Our Fauna


Leopardus pardalis

Largest species among the neotropical small felines, the Ocelot is an excellent predator in its niche. They have a pattern of stripes similar to other wild cats. It feeds mainly on small mammals, fish and birds.

Conservation Status - IUCN


Class: Mammalia
Order: Carnivora
Family: Felidae
Genre: Leopardus
Species: Leopardus pardalis
Common name: Ocelot, forest cats

Geographic Range

Click to enlarge - Source: IUCN

Click to learn more


The species occurs in a large area across America. From the southern United States, Texas, to northern Argentina, including all Brazilian biomes. It occurs in a wide variety of habitats, from sea level up to 1,200 meters in altitude, always in areas with dense forest cover. They are nocturnal, hiding during the day under twigs and fallen trees or in holes in the roots of trees. They are good climbers, but less arboreal than the cat-maracajá.


It has 72 to 100 cm of length, with the tail measuring of 25 to 41 cm. They can weigh from 6.6 to 15.5 kg and males are larger than females. They are often confused with jaguar pups due to the pattern of stripes and similar colors. Among the small felines of the Americas, they are the largest, behind only the jaguar and the puma.


Ocelots, as with most cats, are both crepuscular and nocturnal animals, more active in the late afternoon and throughout the night. This does not preclude their activities during the day, during which time they are more prone to bird hunting.

Ocelots are efficient swimmers, solitary and territorial, with overlapping male territories that cover areas two to three times larger than those of the females. Invasions of territories for young ocelots seeking to mark out their own territory leads to very heavy fighting and is a major cause of mortality among ocelots. Their territories can range between 3.5 to 17.7 square kilometers, and individuals run between three to eight kilometers per night.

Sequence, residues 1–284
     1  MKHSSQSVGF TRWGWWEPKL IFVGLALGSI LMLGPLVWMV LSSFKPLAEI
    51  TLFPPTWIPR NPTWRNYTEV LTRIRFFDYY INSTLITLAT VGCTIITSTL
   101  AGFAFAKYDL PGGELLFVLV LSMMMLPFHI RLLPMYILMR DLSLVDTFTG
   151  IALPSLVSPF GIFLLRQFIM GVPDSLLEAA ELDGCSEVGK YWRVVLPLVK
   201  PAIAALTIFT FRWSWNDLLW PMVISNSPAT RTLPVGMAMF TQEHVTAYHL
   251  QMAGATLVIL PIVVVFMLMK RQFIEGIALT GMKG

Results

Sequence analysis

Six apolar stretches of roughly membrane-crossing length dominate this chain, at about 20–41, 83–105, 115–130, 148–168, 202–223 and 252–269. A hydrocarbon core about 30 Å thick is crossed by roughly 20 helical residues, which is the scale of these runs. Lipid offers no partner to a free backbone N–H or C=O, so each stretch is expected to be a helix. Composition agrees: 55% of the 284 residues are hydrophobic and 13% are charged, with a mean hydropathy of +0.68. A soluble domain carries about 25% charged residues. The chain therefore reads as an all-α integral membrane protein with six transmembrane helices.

They feed mainly on terrestrial animals; their favorite prey varies in different regions. Included are: small rodents, fish, opossums, armadillos, agoutis, rabbits, raccoons, anteaters, sloths, monkeys, bats, small alligators, lizards, snakes, terrapins, crabs, frogs, poultry, fruits and even grass. Like the big cats, ocelots will sometimes conceal a partially eaten prey to finish eating later.

They usually hunt at night, walking slowly through pre-established trails, and lying in wait for 30 to 60 minutes at a time. They rarely hunt in open areas.


Pregnancy takes between 79 and 82 days. It is usual to give birth to one or two babies weighing approximately 250 grams each, who are dependent on the mother for several months. Females increase their hunting efforts for up to 17 hours a day to feed their young.


Despite being classified as a matter of “low concern” by the national lists of both ICMBio and the International Union for Conservation of Nature (IUCN), an estimated 200,000 ocelots were killed in the 1960s and 1970s for fur trade. This number of killings was reduced considerably after laws were introduced prohibiting hunting and the importing of fur from other countries. In some places, however, the poaching continues. Ocelots adapt well to degraded areas, despite the population decline due to habitat loss. The presence of ocelots has a negative effect on the populations of small mammals given the predator potential of the ocelot. This is known as the “pardalis effect”.

Image gallery

Other species preserved by Onçafari

Become a supporting company or partner of Onçafari and help preserve Brazil’s biodiversity